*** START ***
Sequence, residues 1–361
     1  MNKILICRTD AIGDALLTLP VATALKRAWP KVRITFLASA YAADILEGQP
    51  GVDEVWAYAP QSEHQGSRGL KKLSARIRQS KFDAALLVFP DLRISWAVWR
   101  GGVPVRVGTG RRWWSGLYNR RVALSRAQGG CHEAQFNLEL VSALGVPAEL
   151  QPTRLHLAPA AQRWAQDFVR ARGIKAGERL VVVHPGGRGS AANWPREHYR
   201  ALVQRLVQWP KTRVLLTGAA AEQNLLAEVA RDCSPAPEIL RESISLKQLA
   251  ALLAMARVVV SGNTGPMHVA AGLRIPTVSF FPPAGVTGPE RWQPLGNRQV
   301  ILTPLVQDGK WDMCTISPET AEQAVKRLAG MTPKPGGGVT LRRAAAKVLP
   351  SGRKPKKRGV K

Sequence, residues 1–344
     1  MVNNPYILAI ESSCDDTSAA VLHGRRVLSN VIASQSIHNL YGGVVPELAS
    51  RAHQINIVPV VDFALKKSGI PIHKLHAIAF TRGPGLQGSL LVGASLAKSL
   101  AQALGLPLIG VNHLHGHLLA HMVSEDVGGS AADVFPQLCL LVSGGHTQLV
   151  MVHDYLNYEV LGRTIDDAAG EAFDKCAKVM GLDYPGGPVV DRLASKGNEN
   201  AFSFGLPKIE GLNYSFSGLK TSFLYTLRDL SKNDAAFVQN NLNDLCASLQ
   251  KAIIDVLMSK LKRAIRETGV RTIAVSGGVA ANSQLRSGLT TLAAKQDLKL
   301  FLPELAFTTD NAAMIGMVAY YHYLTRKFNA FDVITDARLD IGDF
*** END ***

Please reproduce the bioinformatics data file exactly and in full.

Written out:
Sequence, residues 1–361
     1  MNKILICRTD AIGDALLTLP VATALKRAWP KVRITFLASA YAADILEGQP
    51  GVDEVWAYAP QSEHQGSRGL KKLSARIRQS KFDAALLVFP DLRISWAVWR
   101  GGVPVRVGTG RRWWSGLYNR RVALSRAQGG CHEAQFNLEL VSALGVPAEL
   151  QPTRLHLAPA AQRWAQDFVR ARGIKAGERL VVVHPGGRGS AANWPREHYR
   201  ALVQRLVQWP KTRVLLTGAA AEQNLLAEVA RDCSPAPEIL RESISLKQLA
   251  ALLAMARVVV SGNTGPMHVA AGLRIPTVSF FPPAGVTGPE RWQPLGNRQV
   301  ILTPLVQDGK WDMCTISPET AEQAVKRLAG MTPKPGGGVT LRRAAAKVLP
   351  SGRKPKKRGV K

Sequence, residues 1–344
     1  MVNNPYILAI ESSCDDTSAA VLHGRRVLSN VIASQSIHNL YGGVVPELAS
    51  RAHQINIVPV VDFALKKSGI PIHKLHAIAF TRGPGLQGSL LVGASLAKSL
   101  AQALGLPLIG VNHLHGHLLA HMVSEDVGGS AADVFPQLCL LVSGGHTQLV
   151  MVHDYLNYEV LGRTIDDAAG EAFDKCAKVM GLDYPGGPVV DRLASKGNEN
   201  AFSFGLPKIE GLNYSFSGLK TSFLYTLRDL SKNDAAFVQN NLNDLCASLQ
   251  KAIIDVLMSK LKRAIRETGV RTIAVSGGVA ANSQLRSGLT TLAAKQDLKL
   301  FLPELAFTTD NAAMIGMVAY YHYLTRKFNA FDVITDARLD IGDF